have been performed according to methods approved by the Department of Public
Safety.”3 If the State establishes that a breath test was performed in compliance with
Department regulations, “there is a presumption that the test results are valid and further
foundation for introduction of the evidence is unnecessary.”4
The Department’s regulations for administering breath tests and certifying
and maintaining breath test instruments are set out in the Alaska Administrative Code.5
Only one regulation is at issue in this case: the regulation requiring that the accuracy of
the calibration of the breath test instrument be verified “[a]t intervals not to exceed 60
Keel v. State, 609 P.2d 555, 557 (Alaska 1980).
13 AAC 63.
days.”6 That regulation provides that the certification of a breath test instrument “is valid
for 60 days after the day the verification of calibration was performed.”7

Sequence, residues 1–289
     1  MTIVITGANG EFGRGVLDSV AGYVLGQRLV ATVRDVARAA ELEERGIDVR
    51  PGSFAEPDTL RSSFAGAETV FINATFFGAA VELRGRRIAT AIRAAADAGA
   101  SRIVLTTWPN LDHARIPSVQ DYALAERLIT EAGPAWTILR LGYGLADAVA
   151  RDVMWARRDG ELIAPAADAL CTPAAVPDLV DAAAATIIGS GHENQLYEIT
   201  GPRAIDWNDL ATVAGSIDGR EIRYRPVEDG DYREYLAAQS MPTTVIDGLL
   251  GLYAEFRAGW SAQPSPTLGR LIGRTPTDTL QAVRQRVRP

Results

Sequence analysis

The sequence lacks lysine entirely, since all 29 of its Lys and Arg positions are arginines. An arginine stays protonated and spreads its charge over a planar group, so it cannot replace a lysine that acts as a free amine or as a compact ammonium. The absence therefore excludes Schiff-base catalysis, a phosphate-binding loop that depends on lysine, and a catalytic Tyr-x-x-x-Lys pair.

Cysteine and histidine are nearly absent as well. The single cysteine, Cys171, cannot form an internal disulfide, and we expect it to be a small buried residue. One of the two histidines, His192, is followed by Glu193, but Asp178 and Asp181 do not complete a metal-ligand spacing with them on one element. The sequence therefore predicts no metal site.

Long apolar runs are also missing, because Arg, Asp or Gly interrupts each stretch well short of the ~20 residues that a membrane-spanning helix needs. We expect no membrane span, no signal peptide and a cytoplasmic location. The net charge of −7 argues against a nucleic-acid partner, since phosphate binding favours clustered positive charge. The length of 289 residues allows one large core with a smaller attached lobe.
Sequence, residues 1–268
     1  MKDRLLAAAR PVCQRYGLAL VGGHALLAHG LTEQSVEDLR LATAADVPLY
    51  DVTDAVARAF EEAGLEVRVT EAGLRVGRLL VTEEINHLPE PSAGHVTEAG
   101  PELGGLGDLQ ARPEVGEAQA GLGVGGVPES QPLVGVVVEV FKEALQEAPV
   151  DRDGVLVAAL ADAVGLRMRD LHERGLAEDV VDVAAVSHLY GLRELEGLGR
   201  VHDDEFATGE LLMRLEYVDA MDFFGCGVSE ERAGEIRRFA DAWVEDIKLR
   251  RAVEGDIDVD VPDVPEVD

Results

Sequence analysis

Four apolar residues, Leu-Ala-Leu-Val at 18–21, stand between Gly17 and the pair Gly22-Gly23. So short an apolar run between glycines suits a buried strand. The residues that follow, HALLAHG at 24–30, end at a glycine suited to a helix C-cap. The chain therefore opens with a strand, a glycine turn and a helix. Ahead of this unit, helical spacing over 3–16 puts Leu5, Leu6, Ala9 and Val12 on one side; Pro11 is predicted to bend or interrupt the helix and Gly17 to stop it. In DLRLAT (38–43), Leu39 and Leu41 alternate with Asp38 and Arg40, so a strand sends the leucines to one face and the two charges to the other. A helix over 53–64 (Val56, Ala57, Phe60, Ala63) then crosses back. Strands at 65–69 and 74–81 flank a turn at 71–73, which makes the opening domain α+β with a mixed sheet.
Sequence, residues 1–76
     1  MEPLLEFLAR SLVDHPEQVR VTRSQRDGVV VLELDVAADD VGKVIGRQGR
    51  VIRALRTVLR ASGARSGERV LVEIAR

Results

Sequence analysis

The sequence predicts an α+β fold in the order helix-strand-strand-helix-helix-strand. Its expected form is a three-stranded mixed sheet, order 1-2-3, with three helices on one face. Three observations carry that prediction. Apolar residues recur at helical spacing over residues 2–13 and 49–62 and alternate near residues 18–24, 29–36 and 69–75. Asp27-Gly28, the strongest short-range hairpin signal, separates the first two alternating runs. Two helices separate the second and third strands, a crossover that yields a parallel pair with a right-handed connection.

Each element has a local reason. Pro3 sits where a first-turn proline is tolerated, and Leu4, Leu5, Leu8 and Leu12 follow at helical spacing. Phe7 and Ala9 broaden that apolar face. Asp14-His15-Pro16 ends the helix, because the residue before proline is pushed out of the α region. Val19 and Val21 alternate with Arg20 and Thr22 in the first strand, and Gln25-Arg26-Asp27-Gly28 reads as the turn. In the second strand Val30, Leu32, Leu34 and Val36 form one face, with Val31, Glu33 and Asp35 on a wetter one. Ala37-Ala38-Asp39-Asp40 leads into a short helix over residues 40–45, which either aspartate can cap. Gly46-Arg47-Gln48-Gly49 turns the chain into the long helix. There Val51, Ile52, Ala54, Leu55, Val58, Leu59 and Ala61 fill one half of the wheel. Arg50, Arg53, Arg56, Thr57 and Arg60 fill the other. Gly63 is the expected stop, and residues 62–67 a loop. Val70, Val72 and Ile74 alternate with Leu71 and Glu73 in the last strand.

The State concedes that the police did not strictly comply with this regulation
in Swenson’s case. The calibration of the instrument used for Swenson’s test was verified
sixty-six days before his test — that is, six days after the instrument’s last sixty-day
certification expired — and again the day after Swenson’s test. Based on this non
compliance, Superior Court Judge Michael L. Wolverton granted Swenson’s motion to
suppress the breath test result.
We conclude that the trial judge should have held a hearing before ruling
on the motion to suppress. In a series of cases, the Alaska Supreme Court has held that